The Gauntlet

The Gauntlet” is one of those preposterous movies that works because of its star power. Imagine the film with anyone else but star Clint Eastwood and it falls apart. It’s Eastwood who makes “The Gauntlet” such an exciting ride.

gauntletEastwood pulls double duty on “The Gauntlet.” He’s behind the camera as director and in front of the camera as star, and the union emerges as a fruitful one. Taking his cue from the “Dirty Harry” films, Eastwood plays Phoenix cop Ben Shockley, a veteran of the force who has never had a chance to break a big case. His disappointment continues when he’s given the low profile assignment of escorting a federal witness from Las Vegas to Phoenix (a nothing witness for a nothing trial).

It’s a simple transfer, one assigned to Shockley because he can get the job done. It’s more of an insult than a commendation, yet Shockley takes the assignment without argument. Eastwood is at his best playing characters like Shockley, so disillusioned with his station in life that he buries his sorrows in drink and all night card games. He doesn’t even bother to shave or dress up when he meets the new Police Commissioner (William Prince). So Shockley thinks nothing of his current assignment when he hops a plane for Las Vegas to pick up his prisoner.

What he doesn’t realize is that his prisoner, named Gus, is actually a woman, a prostitute played by Sondra Locke, who claims that she has been targeted for death. Shockley doesn’t believe her, even when he learns that Las Vegas bookmakers have taken odds on her not reaching Phoenix. After two spectacular attempts on their lives, Shockley learns that his nothing witness has the goods on the mob, who will do anything to make sure that they don’t reach their destination.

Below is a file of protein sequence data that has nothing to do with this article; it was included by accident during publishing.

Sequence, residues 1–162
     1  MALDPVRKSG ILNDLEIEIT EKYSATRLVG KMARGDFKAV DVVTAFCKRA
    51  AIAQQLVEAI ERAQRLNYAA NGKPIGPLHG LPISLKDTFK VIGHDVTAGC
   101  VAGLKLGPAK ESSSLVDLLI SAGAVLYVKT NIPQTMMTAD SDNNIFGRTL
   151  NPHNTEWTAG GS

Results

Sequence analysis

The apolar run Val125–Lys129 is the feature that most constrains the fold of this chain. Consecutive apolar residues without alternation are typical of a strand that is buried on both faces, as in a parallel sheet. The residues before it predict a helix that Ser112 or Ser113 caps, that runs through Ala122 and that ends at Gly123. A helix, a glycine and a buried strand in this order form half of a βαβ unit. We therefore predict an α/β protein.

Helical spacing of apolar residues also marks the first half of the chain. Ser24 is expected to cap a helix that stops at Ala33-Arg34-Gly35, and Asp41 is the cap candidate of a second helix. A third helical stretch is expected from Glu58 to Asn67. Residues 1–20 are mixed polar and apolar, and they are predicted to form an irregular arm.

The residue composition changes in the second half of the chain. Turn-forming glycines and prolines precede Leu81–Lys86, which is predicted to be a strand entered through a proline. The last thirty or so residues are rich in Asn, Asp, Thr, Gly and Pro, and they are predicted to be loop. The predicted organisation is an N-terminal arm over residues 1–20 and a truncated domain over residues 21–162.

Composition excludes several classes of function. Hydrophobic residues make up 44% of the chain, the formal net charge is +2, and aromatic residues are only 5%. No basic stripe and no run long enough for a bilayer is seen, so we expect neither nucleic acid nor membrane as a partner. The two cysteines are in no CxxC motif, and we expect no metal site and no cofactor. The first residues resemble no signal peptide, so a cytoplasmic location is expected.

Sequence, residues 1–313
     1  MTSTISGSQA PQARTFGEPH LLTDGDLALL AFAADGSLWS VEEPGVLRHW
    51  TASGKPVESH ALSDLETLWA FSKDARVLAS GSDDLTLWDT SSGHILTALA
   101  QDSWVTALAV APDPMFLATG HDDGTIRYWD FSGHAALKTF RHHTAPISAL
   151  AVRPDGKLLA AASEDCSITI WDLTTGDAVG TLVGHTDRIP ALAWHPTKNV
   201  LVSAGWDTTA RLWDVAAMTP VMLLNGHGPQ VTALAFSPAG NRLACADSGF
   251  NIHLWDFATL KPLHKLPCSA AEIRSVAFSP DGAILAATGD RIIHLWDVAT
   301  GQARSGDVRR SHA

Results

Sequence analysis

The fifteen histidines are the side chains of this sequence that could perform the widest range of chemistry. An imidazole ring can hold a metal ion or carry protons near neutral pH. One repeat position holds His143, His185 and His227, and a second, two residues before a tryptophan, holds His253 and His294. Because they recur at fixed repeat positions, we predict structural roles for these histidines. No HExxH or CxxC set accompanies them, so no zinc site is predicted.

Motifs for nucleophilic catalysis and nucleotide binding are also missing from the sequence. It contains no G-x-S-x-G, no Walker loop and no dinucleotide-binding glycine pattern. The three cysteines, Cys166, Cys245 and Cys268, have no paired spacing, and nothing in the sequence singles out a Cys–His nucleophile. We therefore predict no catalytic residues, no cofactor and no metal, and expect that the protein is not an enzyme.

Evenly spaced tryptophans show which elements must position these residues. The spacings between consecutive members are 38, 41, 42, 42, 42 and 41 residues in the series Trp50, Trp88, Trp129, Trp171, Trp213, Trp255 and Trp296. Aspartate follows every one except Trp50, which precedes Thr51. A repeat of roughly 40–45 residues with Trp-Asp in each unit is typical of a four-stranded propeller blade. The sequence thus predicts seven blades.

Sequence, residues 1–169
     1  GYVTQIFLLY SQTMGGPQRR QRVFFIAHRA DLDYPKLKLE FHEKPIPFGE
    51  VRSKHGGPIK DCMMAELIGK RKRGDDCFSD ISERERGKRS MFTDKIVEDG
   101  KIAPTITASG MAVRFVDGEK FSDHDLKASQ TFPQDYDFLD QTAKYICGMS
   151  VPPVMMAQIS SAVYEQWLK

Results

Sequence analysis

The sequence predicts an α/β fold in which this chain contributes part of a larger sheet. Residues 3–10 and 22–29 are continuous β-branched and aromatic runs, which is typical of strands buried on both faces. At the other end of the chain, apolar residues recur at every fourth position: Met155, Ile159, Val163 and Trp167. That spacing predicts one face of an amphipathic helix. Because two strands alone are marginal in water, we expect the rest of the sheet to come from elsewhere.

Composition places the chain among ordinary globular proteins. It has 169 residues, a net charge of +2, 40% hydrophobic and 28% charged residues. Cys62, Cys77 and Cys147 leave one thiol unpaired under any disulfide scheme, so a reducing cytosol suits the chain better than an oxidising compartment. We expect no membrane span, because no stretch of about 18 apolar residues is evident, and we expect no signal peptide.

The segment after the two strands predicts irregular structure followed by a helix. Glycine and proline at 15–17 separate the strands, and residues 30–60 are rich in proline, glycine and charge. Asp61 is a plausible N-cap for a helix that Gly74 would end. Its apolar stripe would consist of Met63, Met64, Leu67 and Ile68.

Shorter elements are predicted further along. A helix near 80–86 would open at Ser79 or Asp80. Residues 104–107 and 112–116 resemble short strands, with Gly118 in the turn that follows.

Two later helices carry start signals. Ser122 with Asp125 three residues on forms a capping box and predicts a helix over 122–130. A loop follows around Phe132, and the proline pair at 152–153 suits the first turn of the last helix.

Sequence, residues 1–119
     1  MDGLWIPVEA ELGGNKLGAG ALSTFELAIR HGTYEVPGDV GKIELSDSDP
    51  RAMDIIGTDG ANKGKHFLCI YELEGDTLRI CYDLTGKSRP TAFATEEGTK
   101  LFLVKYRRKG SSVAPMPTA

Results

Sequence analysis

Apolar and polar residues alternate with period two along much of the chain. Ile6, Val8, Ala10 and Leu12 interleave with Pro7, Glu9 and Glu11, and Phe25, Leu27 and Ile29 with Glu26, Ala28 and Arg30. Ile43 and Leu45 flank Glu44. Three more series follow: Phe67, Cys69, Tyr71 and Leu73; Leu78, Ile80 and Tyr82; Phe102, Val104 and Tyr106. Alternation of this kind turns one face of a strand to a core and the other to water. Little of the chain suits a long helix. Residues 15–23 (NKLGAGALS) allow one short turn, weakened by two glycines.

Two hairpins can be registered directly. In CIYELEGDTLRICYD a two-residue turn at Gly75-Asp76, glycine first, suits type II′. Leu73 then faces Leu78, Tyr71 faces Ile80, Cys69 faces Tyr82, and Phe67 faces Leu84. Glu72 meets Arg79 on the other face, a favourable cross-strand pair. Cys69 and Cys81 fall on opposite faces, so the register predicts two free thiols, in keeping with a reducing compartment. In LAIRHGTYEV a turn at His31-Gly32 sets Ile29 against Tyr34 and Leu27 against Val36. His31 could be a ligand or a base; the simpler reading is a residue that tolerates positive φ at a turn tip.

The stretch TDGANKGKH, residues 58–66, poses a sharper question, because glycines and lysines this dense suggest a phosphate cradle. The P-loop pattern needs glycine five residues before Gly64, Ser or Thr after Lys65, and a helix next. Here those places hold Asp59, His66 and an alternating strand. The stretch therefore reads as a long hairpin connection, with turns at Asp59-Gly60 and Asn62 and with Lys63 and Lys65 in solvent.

At that point, “The Gauntlet” becomes a series of close calls and explosive shoot-outs as Shockley and Gus make their way to Phoenix. It’s also at this point that the film becomes more of a live-action cartoon rather than a standard issue action film. In their attempt to kill Shockley and Gus, the bad guys literally shoot up the everything in site. Remember the shoot out at the end of “Bonnie & Clyde?” That was child’s play when you see what the bad guys do to numerous vehicles during the course of “The Gauntlet.” Talk about overkill. “The Gauntlet” is also a buddy film, pitting the weary Shockley against the street smart Gus, who knows how to take care of herself. Their arguments are priceless, and in this role, Locke is actually quite good.

She’s razor sharp here, and her comeback to a red neck Las Vegas cop is one of the film’s highlights. So is the explosive finale, where Shockley and Gus try to enter the city of Phoenix in an armor plated bus. Sure, it’s totally preposterous, but if you’ve followed the film this far, you’ll find yourself rooting for the good guys despite the illogical premise. Eastwood does an excellent job as director, moving everything along at a clip.